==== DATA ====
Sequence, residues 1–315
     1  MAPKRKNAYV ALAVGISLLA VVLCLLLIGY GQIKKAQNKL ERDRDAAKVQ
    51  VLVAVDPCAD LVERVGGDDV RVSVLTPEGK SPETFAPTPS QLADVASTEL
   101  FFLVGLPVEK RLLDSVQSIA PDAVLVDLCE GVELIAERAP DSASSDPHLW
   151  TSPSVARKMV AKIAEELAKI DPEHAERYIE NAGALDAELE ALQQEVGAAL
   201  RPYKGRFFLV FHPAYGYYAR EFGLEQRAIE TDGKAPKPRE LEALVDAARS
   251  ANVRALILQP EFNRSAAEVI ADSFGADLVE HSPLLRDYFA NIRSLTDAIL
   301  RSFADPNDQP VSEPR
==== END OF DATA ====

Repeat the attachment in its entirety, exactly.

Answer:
Sequence, residues 1–315
     1  MAPKRKNAYV ALAVGISLLA VVLCLLLIGY GQIKKAQNKL ERDRDAAKVQ
    51  VLVAVDPCAD LVERVGGDDV RVSVLTPEGK SPETFAPTPS QLADVASTEL
   101  FFLVGLPVEK RLLDSVQSIA PDAVLVDLCE GVELIAERAP DSASSDPHLW
   151  TSPSVARKMV AKIAEELAKI DPEHAERYIE NAGALDAELE ALQQEVGAAL
   201  RPYKGRFFLV FHPAYGYYAR EFGLEQRAIE TDGKAPKPRE LEALVDAARS
   251  ANVRALILQP EFNRSAAEVI ADSFGADLVE HSPLLRDYFA NIRSLTDAIL
   301  RSFADPNDQP VSEPR